Raines and Okal also plan to plant an orchard with fruits that are well-suited to North Carolina’s climate, including Asian persimmons, Asian pears, hardy kiwi, blueberries and figs.
Raines’s emphasis on flavor originates in her love of cooking and eating. “It’s such a treat to get to eat three meals a day,” she says. Each day, she prepares lunch for the farm staff using ingredients from the farm.
On the day we visited, Raines opened a bag of the farm’s buckwheat, which had been milled into flour the day before. “Smell this,” Raines invited, “isn’t it so nutty?” Later that day, Raines would use the flour to make banana bread and the flavor was sure to be anything but ordinary.
Food for People Who Look Like Us
By Casey Roe
September 10th, 2019
Kam’Ron Jackson, 16, did not used to care about school. He found high school easy and did not feel motivated, until he received advice from his mentor, Kamal Bell.
Jackson recalls what Bell shared with him: “You always gotta try your best so that when you actually get into a good place, you get noticed before the others.”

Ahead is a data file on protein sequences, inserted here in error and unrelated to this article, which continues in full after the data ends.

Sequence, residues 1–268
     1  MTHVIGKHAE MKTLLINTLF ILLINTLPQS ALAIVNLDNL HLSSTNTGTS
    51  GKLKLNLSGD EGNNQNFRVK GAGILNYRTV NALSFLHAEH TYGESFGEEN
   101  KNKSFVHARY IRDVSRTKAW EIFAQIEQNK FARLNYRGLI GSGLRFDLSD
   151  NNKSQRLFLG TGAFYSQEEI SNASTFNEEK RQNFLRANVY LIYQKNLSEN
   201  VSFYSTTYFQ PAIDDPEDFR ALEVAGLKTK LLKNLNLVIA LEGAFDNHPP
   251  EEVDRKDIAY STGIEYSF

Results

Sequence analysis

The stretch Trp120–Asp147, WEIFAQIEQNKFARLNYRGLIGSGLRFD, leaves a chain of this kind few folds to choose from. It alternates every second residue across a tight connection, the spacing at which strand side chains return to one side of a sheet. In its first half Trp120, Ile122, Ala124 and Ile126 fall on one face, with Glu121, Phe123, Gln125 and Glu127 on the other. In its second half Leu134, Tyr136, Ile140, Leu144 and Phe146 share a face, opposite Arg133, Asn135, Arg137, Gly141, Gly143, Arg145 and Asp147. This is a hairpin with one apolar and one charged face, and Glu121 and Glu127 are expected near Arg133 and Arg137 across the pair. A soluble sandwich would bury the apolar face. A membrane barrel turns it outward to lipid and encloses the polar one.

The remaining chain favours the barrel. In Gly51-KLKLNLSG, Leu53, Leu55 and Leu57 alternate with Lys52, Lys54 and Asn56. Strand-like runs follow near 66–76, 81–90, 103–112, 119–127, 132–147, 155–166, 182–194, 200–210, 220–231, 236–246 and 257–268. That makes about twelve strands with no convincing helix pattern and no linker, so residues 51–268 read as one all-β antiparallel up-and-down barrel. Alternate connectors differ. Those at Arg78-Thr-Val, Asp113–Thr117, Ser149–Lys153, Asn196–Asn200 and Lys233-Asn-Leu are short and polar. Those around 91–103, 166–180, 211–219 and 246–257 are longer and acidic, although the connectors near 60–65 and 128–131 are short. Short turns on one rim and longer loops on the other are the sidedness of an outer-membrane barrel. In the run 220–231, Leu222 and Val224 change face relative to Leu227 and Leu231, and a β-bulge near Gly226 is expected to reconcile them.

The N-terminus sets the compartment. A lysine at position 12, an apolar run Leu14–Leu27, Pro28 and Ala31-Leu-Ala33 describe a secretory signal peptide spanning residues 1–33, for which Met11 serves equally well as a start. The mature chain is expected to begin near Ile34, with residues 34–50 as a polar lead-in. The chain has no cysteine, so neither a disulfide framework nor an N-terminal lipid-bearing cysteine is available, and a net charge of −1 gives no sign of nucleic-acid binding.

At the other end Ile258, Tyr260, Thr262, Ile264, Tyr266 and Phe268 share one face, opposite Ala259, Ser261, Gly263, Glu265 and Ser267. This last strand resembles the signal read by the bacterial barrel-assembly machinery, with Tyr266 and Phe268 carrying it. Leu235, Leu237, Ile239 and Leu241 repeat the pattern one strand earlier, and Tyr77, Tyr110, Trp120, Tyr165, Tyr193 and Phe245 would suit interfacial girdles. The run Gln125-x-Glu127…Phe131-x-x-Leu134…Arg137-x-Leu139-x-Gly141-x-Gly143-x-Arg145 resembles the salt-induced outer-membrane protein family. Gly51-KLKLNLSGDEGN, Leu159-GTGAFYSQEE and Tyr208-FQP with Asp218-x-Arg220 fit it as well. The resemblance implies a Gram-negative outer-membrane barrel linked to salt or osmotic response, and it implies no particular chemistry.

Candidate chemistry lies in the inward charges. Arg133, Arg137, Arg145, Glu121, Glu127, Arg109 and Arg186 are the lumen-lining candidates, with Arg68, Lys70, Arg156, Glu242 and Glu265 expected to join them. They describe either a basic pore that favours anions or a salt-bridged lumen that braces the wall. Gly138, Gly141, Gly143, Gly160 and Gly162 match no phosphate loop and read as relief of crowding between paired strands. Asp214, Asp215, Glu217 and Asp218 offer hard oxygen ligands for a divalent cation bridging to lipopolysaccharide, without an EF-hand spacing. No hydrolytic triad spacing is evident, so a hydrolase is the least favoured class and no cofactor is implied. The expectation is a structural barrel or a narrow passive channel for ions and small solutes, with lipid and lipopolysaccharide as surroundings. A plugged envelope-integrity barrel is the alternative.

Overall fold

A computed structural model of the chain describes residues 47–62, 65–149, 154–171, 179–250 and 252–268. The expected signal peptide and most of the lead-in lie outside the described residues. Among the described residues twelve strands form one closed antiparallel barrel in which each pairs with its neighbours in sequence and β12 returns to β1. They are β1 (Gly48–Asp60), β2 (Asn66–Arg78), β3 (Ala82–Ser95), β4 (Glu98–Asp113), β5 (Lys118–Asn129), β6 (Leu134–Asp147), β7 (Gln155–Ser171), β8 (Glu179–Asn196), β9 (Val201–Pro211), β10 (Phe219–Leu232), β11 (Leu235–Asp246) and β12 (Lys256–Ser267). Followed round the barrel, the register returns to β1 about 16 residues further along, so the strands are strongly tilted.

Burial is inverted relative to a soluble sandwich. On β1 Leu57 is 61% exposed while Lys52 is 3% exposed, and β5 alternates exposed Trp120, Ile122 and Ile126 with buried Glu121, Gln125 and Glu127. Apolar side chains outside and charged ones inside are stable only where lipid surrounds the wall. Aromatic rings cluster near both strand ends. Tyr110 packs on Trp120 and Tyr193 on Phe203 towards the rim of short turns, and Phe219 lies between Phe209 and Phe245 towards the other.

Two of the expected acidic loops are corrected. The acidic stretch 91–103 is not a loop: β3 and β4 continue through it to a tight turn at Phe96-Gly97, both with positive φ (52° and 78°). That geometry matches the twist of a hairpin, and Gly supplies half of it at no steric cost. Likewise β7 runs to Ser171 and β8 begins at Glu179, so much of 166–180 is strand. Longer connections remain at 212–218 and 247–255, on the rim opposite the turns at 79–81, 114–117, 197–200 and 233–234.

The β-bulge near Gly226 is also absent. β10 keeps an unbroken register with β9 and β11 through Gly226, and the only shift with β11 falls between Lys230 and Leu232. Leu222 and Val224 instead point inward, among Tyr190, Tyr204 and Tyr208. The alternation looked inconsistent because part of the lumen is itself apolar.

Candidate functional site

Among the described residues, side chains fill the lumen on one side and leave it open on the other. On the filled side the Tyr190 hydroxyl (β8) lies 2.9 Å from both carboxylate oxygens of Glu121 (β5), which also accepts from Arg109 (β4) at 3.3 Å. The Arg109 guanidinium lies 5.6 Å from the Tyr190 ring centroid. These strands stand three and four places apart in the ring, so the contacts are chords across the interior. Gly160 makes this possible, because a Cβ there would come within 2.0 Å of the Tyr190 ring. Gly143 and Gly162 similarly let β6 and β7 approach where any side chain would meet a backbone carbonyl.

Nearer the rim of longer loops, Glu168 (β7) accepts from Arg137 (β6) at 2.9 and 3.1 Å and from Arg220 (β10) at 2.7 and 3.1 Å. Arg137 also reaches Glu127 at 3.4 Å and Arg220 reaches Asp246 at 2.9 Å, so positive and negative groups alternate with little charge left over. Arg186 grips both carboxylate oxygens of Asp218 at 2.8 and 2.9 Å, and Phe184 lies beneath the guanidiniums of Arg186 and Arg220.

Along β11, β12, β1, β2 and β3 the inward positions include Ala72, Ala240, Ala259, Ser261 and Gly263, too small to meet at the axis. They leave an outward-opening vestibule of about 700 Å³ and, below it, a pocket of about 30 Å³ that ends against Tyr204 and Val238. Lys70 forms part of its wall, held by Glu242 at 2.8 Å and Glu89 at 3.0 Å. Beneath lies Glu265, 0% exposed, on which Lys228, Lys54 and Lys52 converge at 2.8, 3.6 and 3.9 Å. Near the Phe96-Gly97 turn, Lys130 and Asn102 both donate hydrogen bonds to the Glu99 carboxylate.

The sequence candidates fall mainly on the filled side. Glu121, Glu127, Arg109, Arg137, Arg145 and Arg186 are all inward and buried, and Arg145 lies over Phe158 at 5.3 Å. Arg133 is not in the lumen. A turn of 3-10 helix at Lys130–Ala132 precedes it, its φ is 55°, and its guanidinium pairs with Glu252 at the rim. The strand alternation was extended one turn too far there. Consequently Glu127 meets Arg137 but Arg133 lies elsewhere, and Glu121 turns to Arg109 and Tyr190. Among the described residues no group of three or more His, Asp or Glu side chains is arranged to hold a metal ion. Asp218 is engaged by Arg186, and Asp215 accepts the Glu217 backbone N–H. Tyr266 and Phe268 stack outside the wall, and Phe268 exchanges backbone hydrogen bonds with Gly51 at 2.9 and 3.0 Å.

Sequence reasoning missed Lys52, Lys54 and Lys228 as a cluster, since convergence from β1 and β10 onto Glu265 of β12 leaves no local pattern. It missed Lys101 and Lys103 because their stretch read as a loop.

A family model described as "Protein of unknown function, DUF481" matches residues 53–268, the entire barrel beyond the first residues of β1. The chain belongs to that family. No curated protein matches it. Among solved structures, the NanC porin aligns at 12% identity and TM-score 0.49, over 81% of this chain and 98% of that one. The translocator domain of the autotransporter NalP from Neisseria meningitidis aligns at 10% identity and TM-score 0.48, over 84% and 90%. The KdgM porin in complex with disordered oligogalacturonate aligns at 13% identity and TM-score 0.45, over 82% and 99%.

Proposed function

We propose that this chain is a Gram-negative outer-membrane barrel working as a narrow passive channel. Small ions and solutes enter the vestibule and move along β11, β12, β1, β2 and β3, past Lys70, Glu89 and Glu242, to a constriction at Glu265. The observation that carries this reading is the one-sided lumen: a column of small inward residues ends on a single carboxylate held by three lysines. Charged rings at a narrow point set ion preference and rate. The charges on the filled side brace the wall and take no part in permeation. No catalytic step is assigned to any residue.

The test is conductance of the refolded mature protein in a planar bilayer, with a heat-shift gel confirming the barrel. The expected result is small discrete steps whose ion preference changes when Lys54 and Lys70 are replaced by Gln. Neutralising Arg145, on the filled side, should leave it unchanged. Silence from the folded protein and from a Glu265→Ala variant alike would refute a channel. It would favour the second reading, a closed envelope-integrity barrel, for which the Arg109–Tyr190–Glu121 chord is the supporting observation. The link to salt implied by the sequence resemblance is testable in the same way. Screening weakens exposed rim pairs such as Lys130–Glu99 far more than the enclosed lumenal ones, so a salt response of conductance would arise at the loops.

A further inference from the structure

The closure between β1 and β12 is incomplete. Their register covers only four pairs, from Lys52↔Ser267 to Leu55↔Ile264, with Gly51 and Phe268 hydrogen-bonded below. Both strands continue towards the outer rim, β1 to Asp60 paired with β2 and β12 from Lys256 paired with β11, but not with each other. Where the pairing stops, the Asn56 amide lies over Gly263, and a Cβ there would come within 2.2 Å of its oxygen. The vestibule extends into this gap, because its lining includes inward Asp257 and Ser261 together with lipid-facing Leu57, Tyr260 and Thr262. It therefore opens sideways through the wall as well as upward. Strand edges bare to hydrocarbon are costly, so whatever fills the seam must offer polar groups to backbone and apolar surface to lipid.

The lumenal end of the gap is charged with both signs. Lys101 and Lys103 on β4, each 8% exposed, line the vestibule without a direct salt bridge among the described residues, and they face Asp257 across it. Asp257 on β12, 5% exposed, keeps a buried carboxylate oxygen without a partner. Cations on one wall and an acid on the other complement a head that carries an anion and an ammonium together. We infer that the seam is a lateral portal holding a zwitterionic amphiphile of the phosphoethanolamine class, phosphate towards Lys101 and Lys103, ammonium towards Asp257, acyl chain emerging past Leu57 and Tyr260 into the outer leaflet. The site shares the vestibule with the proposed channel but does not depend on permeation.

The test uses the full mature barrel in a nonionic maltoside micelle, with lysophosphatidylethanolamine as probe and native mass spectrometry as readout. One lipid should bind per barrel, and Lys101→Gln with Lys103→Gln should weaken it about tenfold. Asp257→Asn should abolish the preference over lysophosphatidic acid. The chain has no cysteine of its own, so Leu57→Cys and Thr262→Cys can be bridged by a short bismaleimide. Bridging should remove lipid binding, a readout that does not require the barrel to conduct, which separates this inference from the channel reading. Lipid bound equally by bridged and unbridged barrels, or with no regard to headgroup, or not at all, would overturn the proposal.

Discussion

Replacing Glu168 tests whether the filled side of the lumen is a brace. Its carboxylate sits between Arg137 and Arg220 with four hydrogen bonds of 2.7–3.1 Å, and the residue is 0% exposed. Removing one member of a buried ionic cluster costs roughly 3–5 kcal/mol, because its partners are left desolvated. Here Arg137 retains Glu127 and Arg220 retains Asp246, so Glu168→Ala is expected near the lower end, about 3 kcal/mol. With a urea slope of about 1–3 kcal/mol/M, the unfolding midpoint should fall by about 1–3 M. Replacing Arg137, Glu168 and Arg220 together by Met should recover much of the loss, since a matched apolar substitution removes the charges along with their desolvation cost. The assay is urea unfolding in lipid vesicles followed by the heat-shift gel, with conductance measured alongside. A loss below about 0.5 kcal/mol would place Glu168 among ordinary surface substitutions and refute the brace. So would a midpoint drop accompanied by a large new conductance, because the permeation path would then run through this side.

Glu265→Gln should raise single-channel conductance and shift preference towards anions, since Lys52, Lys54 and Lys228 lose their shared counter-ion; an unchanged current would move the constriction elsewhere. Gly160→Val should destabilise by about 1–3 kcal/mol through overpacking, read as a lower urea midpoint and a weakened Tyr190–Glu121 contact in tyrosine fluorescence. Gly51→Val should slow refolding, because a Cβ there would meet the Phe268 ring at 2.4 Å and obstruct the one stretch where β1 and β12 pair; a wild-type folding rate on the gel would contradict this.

In 2016, while he was teaching in the Durham Public Schools, Bell created Sankofa Farms, located in Cedar Grove, North Carolina. Bell was looking for a way to help his African American students develop life skills.
Bell chose to focus the farm on providing education and opportunity for African American boys because he did not see other programs focusing on them.
There are currently five regular student participants in the program. They spend weekdays during the summer and weekends during the school year at the farm.
Sankofa is a word in the Twi language of Ghana that translates to “go back and get it.” In his words, Bell wants to “help connect our people back to the land and grow food for people who look like us in food deserts.”
Another student in the program, Kamoni King, 16, agrees about the value of reconnecting with the land. “It’s good to revisit the land because this is where African Americans originally started,” he says.
King’s grandfather and great grandfather were farmers, but he grew up at a distance from agriculture in the city of Fort Washington, Maryland. While he was in 6th grade, King relocated with his family to Durham, North Carolina. King shares that he is determined to break out of a cycle of poverty and violence in his family.
“The value for me is having something to do to stay out of trouble,” King says. “Either I’d be outside doing something or at home doing nothing. So, it’s better to be out here.”